One of the organizations now being assisted by a team of M.B.A.s is the Chamber of Commerce of West Alabama-One Stop Licensing and Permitting Center. The center was developed by the Chamber of Commerce of West Alabama to be a “one stop” Web site for people in Tuscaloosa, Northport and Tuscaloosa County to get information on starting and running a small business. The goal of the site is to foster economic development in the area. M.B.A. students are working to develop a local strategy to increase awareness and use of the Web site as well as a national strategy for potential expansion.

“The expertise that students in the M.B.A. program bring to the Chamber of Commerce opens up new opportunities for economic development in the West Alabama area,” said Donny Jones, vice-president of operations and technology for the chamber. “The students’ consulting services allow the Chamber to explore new projects and to gain invaluable knowledge that will help all of West Alabama grow and prosper. We have always had a great relationship with University of Alabama students and hope to continue working with them on projects in the future. Together the University and the Chamber of Commerce can make great strides to improve business in West Alabama.”

Other organizations participating in these projects include:

American Red Cross

Two teams of M.B.A. students are assisting the Red Cross by developing plans to increase blood donations in the West Alabama area. One team is focusing on a strategy to increase penetration into the donor market, particularly the Hispanic population. The other team is developing an overall marketing campaign to enhance relations with area employers in order to increase blood donations.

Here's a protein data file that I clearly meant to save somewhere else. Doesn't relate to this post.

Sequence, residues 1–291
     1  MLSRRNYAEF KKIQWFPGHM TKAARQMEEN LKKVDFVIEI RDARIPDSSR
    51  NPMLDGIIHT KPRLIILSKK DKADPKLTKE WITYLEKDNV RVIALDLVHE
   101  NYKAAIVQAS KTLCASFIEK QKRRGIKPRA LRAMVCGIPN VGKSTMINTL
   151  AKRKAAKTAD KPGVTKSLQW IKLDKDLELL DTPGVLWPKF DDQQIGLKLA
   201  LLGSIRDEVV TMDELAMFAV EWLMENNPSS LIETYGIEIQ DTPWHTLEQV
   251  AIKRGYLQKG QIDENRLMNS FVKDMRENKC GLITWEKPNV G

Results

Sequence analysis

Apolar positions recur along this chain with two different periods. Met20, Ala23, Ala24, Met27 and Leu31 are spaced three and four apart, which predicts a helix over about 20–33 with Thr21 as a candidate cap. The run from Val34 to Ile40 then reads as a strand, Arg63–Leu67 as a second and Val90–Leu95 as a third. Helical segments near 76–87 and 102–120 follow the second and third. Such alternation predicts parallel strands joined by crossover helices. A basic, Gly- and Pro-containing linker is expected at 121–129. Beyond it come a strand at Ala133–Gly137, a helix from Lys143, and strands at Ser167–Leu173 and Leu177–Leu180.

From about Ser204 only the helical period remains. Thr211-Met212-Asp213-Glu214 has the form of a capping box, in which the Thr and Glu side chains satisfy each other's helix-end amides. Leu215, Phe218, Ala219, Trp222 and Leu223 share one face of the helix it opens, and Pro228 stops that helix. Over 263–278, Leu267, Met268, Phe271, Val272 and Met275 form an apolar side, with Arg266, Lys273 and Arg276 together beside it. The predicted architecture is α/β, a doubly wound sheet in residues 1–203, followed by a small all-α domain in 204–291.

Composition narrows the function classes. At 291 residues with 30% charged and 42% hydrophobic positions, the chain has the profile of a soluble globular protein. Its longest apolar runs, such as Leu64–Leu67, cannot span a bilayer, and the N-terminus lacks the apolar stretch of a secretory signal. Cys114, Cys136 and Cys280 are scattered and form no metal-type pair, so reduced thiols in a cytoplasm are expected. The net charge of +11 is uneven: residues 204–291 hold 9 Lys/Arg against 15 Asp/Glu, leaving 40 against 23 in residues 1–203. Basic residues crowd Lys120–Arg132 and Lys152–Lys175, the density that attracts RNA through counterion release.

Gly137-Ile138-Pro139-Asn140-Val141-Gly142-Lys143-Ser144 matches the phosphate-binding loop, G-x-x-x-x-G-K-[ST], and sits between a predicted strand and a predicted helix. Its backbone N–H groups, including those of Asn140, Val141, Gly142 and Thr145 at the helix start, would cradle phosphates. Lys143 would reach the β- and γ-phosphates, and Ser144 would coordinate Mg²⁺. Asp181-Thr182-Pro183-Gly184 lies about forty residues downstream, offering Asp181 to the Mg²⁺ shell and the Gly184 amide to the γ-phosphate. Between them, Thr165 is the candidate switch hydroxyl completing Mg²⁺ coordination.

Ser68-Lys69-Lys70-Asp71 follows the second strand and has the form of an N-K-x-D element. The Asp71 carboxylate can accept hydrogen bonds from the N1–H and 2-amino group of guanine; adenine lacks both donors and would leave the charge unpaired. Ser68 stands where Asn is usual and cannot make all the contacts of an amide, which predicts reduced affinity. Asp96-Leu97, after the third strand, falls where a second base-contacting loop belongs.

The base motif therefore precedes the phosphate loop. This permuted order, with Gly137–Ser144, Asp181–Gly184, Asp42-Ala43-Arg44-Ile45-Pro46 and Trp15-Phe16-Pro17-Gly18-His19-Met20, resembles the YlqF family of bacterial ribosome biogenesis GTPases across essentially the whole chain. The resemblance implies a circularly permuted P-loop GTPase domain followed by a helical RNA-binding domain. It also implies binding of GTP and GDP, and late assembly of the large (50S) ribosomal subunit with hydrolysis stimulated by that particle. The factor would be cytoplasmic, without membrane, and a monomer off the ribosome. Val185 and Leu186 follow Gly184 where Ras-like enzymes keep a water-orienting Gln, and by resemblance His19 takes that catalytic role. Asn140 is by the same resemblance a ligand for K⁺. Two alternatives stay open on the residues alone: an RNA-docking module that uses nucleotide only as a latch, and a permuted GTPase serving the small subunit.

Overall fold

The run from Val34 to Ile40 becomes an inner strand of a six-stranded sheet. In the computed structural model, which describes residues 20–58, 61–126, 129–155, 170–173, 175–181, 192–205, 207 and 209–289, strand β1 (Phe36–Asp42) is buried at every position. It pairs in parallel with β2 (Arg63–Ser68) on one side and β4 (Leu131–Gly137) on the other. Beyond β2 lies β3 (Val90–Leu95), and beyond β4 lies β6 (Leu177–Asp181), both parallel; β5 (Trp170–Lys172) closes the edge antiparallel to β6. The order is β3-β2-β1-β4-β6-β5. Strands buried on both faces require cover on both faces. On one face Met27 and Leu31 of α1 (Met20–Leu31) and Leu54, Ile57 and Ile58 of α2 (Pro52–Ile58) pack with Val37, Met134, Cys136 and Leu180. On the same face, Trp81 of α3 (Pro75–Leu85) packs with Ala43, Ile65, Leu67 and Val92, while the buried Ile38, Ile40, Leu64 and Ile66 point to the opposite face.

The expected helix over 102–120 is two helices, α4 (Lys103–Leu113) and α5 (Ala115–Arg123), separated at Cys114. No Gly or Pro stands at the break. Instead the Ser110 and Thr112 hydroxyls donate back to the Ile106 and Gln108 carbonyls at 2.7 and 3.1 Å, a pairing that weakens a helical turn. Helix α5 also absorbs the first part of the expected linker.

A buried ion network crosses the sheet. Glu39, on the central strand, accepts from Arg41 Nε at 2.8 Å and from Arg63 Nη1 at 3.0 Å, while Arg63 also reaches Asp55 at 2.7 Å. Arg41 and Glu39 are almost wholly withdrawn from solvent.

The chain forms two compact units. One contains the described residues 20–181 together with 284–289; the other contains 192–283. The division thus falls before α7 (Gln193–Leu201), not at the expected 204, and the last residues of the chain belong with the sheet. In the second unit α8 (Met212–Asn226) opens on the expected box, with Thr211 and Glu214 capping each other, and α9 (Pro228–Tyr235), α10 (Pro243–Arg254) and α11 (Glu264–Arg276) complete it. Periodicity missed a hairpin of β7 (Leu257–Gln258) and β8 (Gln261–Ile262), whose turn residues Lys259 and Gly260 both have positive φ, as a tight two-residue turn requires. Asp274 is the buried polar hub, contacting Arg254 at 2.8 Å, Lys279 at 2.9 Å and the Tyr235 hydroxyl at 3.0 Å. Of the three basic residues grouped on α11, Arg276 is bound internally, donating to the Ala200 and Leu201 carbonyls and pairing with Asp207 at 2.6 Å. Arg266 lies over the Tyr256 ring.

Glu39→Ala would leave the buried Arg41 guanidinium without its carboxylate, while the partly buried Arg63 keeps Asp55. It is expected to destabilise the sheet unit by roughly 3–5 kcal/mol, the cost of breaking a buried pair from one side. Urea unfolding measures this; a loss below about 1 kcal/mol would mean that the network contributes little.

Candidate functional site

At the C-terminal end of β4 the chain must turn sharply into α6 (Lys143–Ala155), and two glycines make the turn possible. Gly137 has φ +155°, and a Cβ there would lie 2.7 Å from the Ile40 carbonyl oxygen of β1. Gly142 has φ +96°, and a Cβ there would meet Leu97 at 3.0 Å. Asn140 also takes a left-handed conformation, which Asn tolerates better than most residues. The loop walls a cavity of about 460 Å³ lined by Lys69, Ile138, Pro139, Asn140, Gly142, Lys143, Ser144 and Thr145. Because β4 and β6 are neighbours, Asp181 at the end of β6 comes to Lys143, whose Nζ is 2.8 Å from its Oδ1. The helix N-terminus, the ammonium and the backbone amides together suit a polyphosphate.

Chamber of Commerce of West Alabama-West Alabama Hunting and Fishing Trail

The West Alabama Hunting and Fishing Trail has created a Web site to increase economic development in West Alabama by getting more hunters and fishermen to visit the area. A team of UA M.B.A.s is helping this organization by developing a strategic plan to determine business decisions such as membership, advertising, marketing budgets and more.

College of Engineering – Clean Room

The University Of Alabama College Of Engineering has invested approximately $3 million in developing a state-of-the-art clean room, which is used for micromachining and various nanotechnology procedures. The college now needs an effective plan for maintaining and operating the facility. M.B.A. students are exploring potential users and projects for the clean room as well as how to best utilize this facility while minimizing costs to the College of Engineering.

Greensboro Opera House